00.30 Top Ten 80s Soul
‘Body Talk there, and it doesn’t leave much to the imagination!’ Despite the wretched Richard Blackwood presenting, this is actually quite good fun, because you can’t really go wrong with features on Lynx and Shalamar.
00.35 Adventures of a Taxi Driver
What a way to see in the new year! Stanley Long, you may recall, was cinematographer on Michael Reeves’s top remote controlled Ian Ogilvy-fest The Sorcerers as shown a few months back, but he also wrote, produced and directed the Adventures… series of bawdy comedies under his own Salon Productions brand (and we’re waiting for the day C5 unearth his ‘swinging’ nudie musical Bread). They’re also billed as being “from an idea by Stanley Long”, the idea presumably being “those Confessions films seem to do all right – let’s copy them exactly.” Barry ‘Mind Your Language’ Evans plays cockney cabbie Joe North, who lives in a grotty bedsit, with Diana ‘Amorous Milkman’ Dors as a domineering mum. And that’s basically the plot, as Evans leads us, via sub-sub-Alfie monologues to camera, from one ‘bawdy’ set-piece to another, starting off with a dubious pet snake/girlfriend ‘gag’, after a non-hilarious spoof newsreel film about cab drivers narrated by David ‘K9/Words and Pictures’ Brierley. Where the Confessions films were merely slightly grubby, with only the odd tatty prop wardrobe or barren patch of grass to differentiate its environment from a late-period Carry On, the Adventures films are actually quite seedy, with really low-rent-looking (ie. genuinely low-rent) ’70s bedsits, sex shops and nightclubs, and nastier, cruder (but naturally not funnier) gags. Even a ludicrously twee theme song performed by cast member Adrienne ‘Percy’ Posta does nothing to swill out the unpleasant taste. That obligatory jobbing cast list – Judy ‘Doomwatch’ Geeson, Robert ‘Wolfie’ Lindsay, Liz ‘Cabby’ Fraser, Anna ‘Mind Your Language’ Bergman, Stephen ‘Blakey’ Lewis, Ian ‘Dad’s’ Lavender, Henry ‘Benny’ McGee, Brian ‘Barraclough’ Wilde, David ‘Kipper’ Auker, Andrew ‘Chips Comic’ Secombe and Jack ‘LeClerc’ Haig.
19.00 Stuart Maconie’s State Of The Pop Nation Address
As mentioned at the top.
20.30 Not Only Peter Cook, But Also Dudley Moore
Unlike Kenneth Horne and pals, we always thought these two were the biggest chancers going, being wacky and stupid for the sake of it, not caring about having a good time, and really not caring about the audience either – leaving the viewer feeling at the end of the day not a little pissed off. Then there were those interminable jazz “interludes”, and Pete’s boring rhymes. Anyhow there’s some rare clips which another conscientious viewer has kept in their garage since 1966, and hopefully a mention for all those weird side projects including, yes, Where Do I Sit?
New Year’s Day
13.15 Blue Peter Review Of The Year
Ruuuubbish slot, Beeb, and there’s only one show this year when last time they did two. BP has been on absolute top form this year, and this is the evidence. And last year they did it from Matt’s house, which was good because we like to know how he lives his life. Ooh, and it might have (c) MMIII at the end too!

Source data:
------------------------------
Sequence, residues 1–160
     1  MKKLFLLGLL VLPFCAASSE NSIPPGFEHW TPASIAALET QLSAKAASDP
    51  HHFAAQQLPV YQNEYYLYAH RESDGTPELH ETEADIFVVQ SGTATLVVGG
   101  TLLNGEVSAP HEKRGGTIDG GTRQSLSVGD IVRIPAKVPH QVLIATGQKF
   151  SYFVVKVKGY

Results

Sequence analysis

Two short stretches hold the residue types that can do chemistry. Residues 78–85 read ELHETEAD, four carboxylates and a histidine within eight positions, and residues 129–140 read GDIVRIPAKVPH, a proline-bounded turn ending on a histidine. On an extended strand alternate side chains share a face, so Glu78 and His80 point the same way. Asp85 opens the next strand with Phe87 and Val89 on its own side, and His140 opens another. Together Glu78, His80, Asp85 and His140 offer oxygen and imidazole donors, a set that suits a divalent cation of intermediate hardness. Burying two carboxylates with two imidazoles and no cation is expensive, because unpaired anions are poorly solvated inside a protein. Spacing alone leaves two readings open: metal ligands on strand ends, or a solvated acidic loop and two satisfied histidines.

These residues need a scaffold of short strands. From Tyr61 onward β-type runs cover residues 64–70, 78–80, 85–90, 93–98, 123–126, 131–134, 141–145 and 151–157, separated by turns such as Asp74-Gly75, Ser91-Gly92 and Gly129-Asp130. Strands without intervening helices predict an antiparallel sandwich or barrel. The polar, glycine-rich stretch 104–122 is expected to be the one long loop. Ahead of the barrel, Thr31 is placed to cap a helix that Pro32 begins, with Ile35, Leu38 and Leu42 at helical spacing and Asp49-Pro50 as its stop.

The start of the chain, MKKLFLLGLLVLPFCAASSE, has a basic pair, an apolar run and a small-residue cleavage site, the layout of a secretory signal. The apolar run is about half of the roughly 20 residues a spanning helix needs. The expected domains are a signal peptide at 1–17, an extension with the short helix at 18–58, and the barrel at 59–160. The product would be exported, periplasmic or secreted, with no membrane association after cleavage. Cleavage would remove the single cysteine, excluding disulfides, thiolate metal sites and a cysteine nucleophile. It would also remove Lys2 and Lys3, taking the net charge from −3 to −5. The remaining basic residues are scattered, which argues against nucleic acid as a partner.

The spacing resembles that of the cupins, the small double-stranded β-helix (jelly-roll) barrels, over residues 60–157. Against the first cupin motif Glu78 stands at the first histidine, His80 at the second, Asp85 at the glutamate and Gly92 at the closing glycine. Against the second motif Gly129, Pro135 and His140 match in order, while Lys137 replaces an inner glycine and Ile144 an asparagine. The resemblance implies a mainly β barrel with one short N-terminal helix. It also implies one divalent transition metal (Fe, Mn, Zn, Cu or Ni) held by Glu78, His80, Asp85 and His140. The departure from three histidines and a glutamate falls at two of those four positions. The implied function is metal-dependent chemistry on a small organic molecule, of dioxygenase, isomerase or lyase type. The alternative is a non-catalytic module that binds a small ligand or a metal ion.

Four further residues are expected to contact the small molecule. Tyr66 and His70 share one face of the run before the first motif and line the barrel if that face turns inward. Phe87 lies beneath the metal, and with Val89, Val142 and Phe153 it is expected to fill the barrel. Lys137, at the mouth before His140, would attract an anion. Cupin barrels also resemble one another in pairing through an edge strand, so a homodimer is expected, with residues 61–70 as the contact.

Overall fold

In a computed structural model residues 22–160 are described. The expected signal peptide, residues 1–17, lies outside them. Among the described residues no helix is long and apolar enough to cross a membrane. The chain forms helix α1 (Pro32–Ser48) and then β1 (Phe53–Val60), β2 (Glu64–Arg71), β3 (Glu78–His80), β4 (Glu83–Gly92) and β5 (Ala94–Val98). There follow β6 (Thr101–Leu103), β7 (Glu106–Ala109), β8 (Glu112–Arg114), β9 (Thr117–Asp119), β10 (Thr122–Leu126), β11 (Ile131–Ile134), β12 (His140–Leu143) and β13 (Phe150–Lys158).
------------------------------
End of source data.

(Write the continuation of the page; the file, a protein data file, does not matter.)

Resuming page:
13.55 ET – the Extra Terrestrial
In which our heroes desperately try to find a bit of amiable banter to sling in this billing that doesn’t tread the well-worn BMX/D&D/Star Wars action figures route. And the best they can come up with is Simon Mayo’s “Win win win – an ET video! In in in, the brand new Radio. Er, Times” Radio One ad from 1987. Yup – new year, same old blank looks from everyone.
15.50 It’s The Number One Party
It was the fiftieth anniversary of the pop charts, er, last year now, and to celebrate Dale Winton is joined by people like Madness, Lionel Richie and Nancy Sinatra to sing some of their chart toppers. No Phil Swern this time, though, so Dale’s on his own.
17.50 The World’s Strongest Man – The Final
BBC1 starting 2003 as they mean to go on.
00.55 The Likely Lads
Another of the better sitcom transfers and we have to hand it to the film buyers who have avoided some of the more obvious and rubbishier ones. Anyway, another Clement and La Frenais number making up for the absence of Porridge from the list and giving us the chance to see Bolam and Bewes in action helped along by Bridgit Forsyth and Ronald ‘what shall we talk about? ‘ Lacey.
12.35 Laurel and Hardy
Two episodes, though likely to be dropped if the New Year’s Day concert overruns.
Hopefully they’ll drop this instead.
13.45 Sleeping Murder
A bit complicated for hangover viewing, this.
More festive jestive oolarious doin’s to jolly you all into the party mood. Still, we suppose it probably makes Oliver Stone smile. Maybe not.
00.55 TOTP2 Presents… Dionne Warwick
Dionne came into the Pops studio a few months back to sing some of her hits and talk about her career, and they’re flinging it out dead late on surely the night of the year where most people go to bed early. Hmmm.
13.20 Bond Girls Are Forever
Some bought-in documentary they showed on a Saturday afternoon a few months back. Which is just one big plug for the new one anyway.
14.15 Diamonds Are Forever
Connery’s comeback caper, easily the best ‘non-serious’ Bond of the lot, ie it’s endearingly daft without being offensively stupid (yes, Moonraker, we’re looking at you), goes all over the place without getting tedious, and features the great more-than-just-a-dodgy-stereotype villains Kidd and Wint. OK, so Charles Gray is a disappointingly avuncular Blofeld, and Jill ‘Tiffany Case’ St. John and Lana ‘Plenty O’Toole’ Wood aren’t up to much, and the theme song’s by Shirley bleedin’ Bassey again, but what do you want from a Bond, perfection? David ‘Balham’ de Keyser and Ed ‘UFO’ Bishop feature briefly.